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City sanitation struggles to maintain schedule

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West Memphis still working through cleanup efforts

By JOHN RECH

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West Memphis City Council members on the Public Works Commission heard reports about citywide cleanup efforts and sanitation equipment availability during its May meeting. Public Works Director Michael Bonner provided the status for renewing the Smart-City Rubicon contract and the proposed rate increase for commercial dumpster services.

Trash collection with grapple trucks remained a business day or two behind schedule as the month started despite truck availability. Four of the five claw trucks stood ready to grab yard debris from the street sides in the city.

Bonner listed all three front end loaders for commercial bins in service. In additional all four of the old rear end loading garbage trucks were rolling to pick up the residential blue bins. Both the new “one armed bandit”

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garbage trucks picked up the household cans. Workers displaced by the new trucks had been reassigned to grass cutting, demolition, or policing litter in the city. The city even made a rare sweep of residential areas with its sweeper truck.

Spring Dumpster cleanup frustration was reported. It seemed apparent that during previous campaigns contractors filled the bins with remodeling debris rather than arranging for bins on the job site according to Mayor Marco Mc-Clendon.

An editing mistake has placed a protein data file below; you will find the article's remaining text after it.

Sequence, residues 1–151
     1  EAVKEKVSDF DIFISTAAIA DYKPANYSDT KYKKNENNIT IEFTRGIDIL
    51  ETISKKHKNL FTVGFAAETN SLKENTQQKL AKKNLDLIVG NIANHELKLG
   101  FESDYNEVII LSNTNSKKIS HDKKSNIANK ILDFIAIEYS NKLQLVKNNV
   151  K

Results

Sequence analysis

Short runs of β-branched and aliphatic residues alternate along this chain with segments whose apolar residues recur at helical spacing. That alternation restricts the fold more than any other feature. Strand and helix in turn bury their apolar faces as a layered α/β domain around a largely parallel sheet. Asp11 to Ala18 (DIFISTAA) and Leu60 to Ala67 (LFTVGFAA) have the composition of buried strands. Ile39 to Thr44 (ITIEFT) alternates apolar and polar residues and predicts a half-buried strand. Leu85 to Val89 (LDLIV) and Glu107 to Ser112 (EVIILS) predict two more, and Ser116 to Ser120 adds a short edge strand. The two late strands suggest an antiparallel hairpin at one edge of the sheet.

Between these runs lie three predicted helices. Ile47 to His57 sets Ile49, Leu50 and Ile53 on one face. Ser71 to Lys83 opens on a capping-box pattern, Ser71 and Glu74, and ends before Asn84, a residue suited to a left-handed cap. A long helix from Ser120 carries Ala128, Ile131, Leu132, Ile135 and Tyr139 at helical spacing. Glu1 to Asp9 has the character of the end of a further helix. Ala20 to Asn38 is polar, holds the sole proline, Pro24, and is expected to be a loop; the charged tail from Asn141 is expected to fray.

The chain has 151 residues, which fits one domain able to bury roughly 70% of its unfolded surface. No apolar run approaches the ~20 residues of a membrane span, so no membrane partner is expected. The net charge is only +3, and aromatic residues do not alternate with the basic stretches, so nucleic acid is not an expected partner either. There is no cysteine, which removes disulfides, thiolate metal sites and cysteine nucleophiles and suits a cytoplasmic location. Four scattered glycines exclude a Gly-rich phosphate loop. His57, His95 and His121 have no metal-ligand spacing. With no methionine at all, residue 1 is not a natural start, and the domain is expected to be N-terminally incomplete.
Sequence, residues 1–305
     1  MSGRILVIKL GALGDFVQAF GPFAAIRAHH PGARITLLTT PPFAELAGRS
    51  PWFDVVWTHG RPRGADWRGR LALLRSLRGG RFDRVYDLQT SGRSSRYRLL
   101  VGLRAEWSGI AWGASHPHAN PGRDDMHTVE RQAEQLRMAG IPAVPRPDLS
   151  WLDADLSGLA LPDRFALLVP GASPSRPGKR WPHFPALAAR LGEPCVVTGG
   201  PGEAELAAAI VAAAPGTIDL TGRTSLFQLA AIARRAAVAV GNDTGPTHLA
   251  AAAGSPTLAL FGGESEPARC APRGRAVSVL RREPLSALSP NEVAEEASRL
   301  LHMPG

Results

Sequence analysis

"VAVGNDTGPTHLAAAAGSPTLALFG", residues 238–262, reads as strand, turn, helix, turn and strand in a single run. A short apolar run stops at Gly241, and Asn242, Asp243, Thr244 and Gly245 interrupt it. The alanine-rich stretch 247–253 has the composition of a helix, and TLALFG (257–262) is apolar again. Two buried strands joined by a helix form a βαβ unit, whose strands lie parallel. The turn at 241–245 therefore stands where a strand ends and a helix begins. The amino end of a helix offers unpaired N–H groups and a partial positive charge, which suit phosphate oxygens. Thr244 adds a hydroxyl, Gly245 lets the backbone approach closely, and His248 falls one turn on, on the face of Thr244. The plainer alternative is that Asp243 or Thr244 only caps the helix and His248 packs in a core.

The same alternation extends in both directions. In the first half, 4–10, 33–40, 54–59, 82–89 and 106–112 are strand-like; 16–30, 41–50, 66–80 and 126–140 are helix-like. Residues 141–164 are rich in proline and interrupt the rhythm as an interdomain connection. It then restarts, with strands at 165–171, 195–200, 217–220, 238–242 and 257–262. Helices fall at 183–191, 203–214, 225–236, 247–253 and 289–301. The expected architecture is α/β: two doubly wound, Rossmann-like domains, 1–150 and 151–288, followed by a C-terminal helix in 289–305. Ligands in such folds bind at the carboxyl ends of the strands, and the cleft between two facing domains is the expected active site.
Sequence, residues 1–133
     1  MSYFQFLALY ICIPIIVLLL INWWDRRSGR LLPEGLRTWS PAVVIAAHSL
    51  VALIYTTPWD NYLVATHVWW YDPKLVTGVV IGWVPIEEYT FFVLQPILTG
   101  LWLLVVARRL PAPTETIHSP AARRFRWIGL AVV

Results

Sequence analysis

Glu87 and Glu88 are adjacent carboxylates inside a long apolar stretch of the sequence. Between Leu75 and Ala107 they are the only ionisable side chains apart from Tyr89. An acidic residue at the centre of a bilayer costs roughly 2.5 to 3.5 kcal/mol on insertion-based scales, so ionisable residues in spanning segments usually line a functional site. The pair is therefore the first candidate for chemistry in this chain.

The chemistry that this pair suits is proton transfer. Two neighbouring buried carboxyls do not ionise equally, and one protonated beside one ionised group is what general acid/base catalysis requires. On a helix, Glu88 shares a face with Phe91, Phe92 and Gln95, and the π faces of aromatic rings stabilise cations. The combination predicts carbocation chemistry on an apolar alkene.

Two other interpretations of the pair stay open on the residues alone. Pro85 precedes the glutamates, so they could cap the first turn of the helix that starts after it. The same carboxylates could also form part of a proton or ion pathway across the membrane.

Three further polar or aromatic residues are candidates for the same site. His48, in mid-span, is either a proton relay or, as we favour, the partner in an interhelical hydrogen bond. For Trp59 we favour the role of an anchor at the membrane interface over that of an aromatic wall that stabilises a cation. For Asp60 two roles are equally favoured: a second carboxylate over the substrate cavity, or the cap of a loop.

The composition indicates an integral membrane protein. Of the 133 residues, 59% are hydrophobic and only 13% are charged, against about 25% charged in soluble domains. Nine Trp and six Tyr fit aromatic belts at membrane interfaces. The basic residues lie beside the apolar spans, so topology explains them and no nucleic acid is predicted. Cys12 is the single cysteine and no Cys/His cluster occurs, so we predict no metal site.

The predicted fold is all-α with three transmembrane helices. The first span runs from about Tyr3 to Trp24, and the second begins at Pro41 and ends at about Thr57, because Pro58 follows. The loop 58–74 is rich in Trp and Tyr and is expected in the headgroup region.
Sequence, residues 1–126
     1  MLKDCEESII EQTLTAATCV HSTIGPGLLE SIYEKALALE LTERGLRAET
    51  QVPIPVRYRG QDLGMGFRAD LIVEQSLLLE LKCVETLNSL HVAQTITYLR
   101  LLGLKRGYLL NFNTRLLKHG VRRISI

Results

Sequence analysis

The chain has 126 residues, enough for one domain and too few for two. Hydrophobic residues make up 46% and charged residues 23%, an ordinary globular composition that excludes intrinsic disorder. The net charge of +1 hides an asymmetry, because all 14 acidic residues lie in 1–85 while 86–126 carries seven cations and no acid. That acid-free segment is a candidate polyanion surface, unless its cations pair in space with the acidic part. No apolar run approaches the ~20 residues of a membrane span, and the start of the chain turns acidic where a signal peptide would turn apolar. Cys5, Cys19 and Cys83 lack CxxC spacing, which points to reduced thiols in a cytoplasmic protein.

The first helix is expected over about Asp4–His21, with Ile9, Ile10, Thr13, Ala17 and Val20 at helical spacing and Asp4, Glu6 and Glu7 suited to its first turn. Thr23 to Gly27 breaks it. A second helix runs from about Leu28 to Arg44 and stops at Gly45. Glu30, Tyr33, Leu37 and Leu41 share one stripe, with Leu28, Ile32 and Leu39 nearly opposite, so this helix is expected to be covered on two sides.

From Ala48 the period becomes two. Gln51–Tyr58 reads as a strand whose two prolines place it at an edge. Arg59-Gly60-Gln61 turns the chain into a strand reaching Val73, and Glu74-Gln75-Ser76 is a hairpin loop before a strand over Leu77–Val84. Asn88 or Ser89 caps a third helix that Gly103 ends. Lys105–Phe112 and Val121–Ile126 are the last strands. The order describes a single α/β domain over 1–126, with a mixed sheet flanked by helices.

“It’s a contractor’s dumping ground,” said McClendon, “that’s the only thing it is. They leave stuff around it as well as overflowing it.”

Bonner said four of the five grapple trucks were service ready. But city council members said they received steady complaints about yard debris removal running behind.

The city continued to ignore its own ordinances about tire disposal issuing no warnings or citations but picking up and disposing of a reported 820 old tires.

“I really don’t know where all these tires continue to come from, but we are picking them up to keep the city looking clean,” said Bonner. “There is no right or wrong answer. It’s a catch 22.”

The East Arkansas Planning and Development recycling trailers made two turns last month. The blue trailer bins now located at the old city district court building made two turns and topped off with 6.3 tons of recyclables during April.

Code Enforcement Officer George Philps continued to cite derelict vehicles throughout the city. He said 15 total vehicles cited in the last two months awaited towing arranged by the police department.

“I did 58 writeups on vehicles during April,” said Philips. “Of those, 47 were cleaned up.”

The full city council took the public works commission recommendation during its first May meeting and approved the renewal of the Rubicon information system. Expanded camera capabilities led to a five percent increase in the contract renewal price. The fleet optimization program came it at $90,000 over a three-year period including the city spending 17,500 to renew in May.

“It really does help us when a customer calls to complain we missed them,” said Bonner. “The drivers love it because we can confirm if bin was out waiting for us or not.”

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